“The gusher of oil money also fuels the corruption and unrest that has long plagued the Niger Delta region,” he says.

According to Tijah Bolton-Akpan, co-founder and director of policy Alert, an NGO in Akwa Ibom State, quick and fast petrol dollar funds are waning, and Nigeria’s Niger Delta region will feel the pain.

“The Niger Delta communities who have paid the highest price for the oil extracted from their lands must be properly compensated before it’s too late,” Bolton-Akpan said.

A research report by a group of civil society organisations based in the United Kingdom called ‘Publish What You Pay’ shows that between 2014 and 2019 more than $3.2 billion was paid by subsidiaries of major energy companies, including Chevron, CNOOC (China), Eni, Equinor, ExxonMobil, Royal Dutch Shell plc, and Total SA, towards the development of Niger Delta region.

“On the ground though, we also saw the negligible impact that this money is having on people’s lives and on environmental protection,” the UK-based Publish What You Pay, said.

For instance, in Ibeno, a large coastal fishing settlement in Akwa Ibom State, the report narrats how fish stocks have declined because of oil pollution, while drinking water sources are contaminated by oil and by open defecation.

“People told us of the health problems they face, from respiratory illnesses to fertility issues, birth deformities to cancers. Their testimony is backed up by numerous studies detailing the impact of pollution on people’s health in the Delta,” Miles Litvinoff, director of Publish What You Pay, said in the report.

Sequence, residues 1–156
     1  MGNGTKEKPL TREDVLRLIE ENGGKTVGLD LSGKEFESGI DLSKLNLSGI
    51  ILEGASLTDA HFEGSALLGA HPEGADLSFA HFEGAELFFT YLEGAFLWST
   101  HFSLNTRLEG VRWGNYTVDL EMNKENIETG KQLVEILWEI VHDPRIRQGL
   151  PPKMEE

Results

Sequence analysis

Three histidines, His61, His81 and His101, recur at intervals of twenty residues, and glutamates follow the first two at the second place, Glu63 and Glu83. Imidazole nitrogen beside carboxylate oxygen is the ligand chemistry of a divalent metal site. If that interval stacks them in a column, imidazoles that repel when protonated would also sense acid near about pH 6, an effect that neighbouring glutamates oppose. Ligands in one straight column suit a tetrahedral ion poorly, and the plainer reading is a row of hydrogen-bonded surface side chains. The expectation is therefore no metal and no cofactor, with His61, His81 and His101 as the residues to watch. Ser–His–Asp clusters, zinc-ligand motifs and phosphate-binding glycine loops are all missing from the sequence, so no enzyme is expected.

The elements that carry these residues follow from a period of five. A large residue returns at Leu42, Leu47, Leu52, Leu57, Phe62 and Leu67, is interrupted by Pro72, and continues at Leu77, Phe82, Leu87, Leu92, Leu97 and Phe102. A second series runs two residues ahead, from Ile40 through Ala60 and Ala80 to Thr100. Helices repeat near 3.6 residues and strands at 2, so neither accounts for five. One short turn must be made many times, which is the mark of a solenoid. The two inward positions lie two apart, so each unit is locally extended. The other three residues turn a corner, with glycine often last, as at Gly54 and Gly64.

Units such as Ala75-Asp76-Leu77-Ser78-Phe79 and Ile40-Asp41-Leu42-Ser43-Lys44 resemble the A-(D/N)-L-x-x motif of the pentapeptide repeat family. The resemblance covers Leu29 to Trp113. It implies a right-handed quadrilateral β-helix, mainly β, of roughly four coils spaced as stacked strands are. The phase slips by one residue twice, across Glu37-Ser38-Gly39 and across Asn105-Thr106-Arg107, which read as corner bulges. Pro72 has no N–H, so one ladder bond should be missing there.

In Esit-Eket, an area once noted for its rich yields of cassava, plantains, and oil palm, the report notes that smallholder women farmers complained of being stopped from accessing their land by military personnel guarding oil infrastructure.

“We heard of healthcare facilities so threadbare that they often can’t even treat minor ailments, while women spoke of the heavy economic burdens they face,” the report states.

Other experts say the Ministry of Niger Delta and the Niger Delta Development Commission (NDDC), special vehicles established to help quicken the pace of development in the area, have also become part of the problem.

People familiar with the matter say the NDDC has become a sinkhole synonymous with large-scale corruption. After the billions poured into the parastatal, there is little to crow about.

Nigeria’s attorney general, Abubakar Malami, said despite the fact that N6 trillion ($14bn)was allocated to NDDC over two decades, as many as 13,777 projects to improve the living conditions for people in the Niger Delta were “substantially compromised.”

“The Federal Government is particularly concerned with the colossal loss occasioned by uncompleted and unverified development projects in the Niger Delta region, in spite of the huge resources made available to uplift the living standard of the citizens,” the attorney general said.